Well, the only Catholic parish here where I can recall seeing that practice was one of the Eastern Catholic ones, Wink

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« Reply #9 on: May 11, 2004, 12:37:28 PM »

Thanks for doing most of my promised work, Brendan03. To add my 2 cents:
Quote
"1. Erecting a separate class of "canonised" (for lack of a better word) saints"

Anglicans have saints too, by the way.  Yes, we share this in common with Catholics as a practice.  Shiite Muslims also have saints, as do a number of other religions, in their own way.

To which I would add that there are differences in 'canonization" between the RCC and Orthodoxy. The Orthodox canonize by realizing or admitting the already existing holiness of the 'saints' without a (at least to my mind) legalistic catalogue of requiremnts to be examined and passed so that the saint may be "declared" (but I could be wrong and am open to be corrected).

Quote
"2. Venerating and praying to said saints"

Yes we share this in common.

Small point: I think it more proper to say we pray through saints, not to saints.

Demetri
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« Reply #10 on: May 11, 2004, 12:46:03 PM »



Quote
Well I beg to differ with you.  I do agree that there has been an attempt in some circles within the Catholic Church to "rollback" some of the changes that were made following Vatican II, but I do think that one of them was a change in Marian devotion among the *average* Catholic.  It's good to see that this is being reversed in some places Smiley  


Perhaps this is true, but I do not think overall Mary has been de-emphasized in Catholicism. We are seeing the pendulum slowing wing back the other way, the post-Vat II reforms took things way too far, things are starting to go the other way, people are hungry for the faith, and not the lite version.
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« Reply #11 on: May 11, 2004, 01:32:30 PM »

I think Orthodoxy's process of declaring her saints is "glorification" while Catholicism's is termed "canonization."

There are three basic criteria a person must fulfill in order to be named a saint in the Catholic Church. The process can take decades.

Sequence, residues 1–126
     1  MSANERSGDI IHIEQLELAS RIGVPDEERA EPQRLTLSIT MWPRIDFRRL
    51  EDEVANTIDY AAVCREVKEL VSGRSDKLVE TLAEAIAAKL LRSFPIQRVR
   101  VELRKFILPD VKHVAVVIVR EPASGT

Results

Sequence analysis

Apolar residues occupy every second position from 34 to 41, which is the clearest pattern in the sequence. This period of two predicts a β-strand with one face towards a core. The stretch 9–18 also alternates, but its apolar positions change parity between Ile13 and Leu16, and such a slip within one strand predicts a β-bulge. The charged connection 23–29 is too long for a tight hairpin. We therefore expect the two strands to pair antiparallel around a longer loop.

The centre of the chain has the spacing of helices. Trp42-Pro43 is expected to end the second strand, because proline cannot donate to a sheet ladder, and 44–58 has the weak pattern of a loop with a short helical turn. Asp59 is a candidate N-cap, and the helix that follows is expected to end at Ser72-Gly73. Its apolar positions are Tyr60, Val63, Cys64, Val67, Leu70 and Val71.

(1) Declaration of virtues:

This is where the process begins. Under the watch of a local bishop, an investigation begins into the candidate's life and writings and a search for martyrdom, orthodoxy of doctrine, or heroic virtue.

The results of the investigation are turned over to the Vatican, where a panel of theologians evaluates the findings. If the panel and Cardinals of the Congregation for the Causes of Saints approve, the Pope declares the candidate "Venerable."

(2) Beatification:

This interim step requires proof a miracle took place after the person's death. The Church takes this as proof that the person is in heaven and can act on behalf of people on Earth.

Successful completion of this step leads to a declaration of blessing, or beatification. The person can be venerated by a region or group as "Blessed."

(3) Canonization:

After at least two or more proven miracles, the Pope canonizes the person.  Canonization recognizes what God has already done.

In a sense, declaration of sainthood in the Catholic Church is rigorous.

Amado
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« Reply #12 on: May 11, 2004, 01:36:57 PM »

"3. Praying for the dead

Yes, but we also share this with Buddhists, Hindus, Muslims, etc.  "

Gosh, yes, but our understanding of what it is is radically different from that of RCs and those other groups listed.  

The most important other group who prays for the dead are the Jews, from whom we received the belief.  It is noted in the Old Testament (2 Mac. 12, 43-46), but only in books which the West saw as suspicious and the Protestants, because the books taught things that didn't jive with their own teachings, rejected.  The way it is discussed is also disturbing to many Protestants.  Many Protestants understand and accept that the early Christians also prayed for the dead, but claim it was on error that was corrected later (over 1,500 years later).  

Certain passages in the Old and New Testaments certainly make more sense within the context of the Orthodox understanding.  Psalms 66:10, Proverbs, 12:3; Ecclesiasticus 2:5; 1 Corinthians, 3, 11-15; and Peter, 1:2 (Thanks to Dr. Alex Roman for making the list at http://www.unicorne.org/Orthodoxy/avril2003/prayersdeparted.htm).  

The radical difference between our understanding and the RC understanding has to do with purgatory.  We are much more willing to allow things to be a mystery to us than to have to explain everything in philisophical or scientific terms.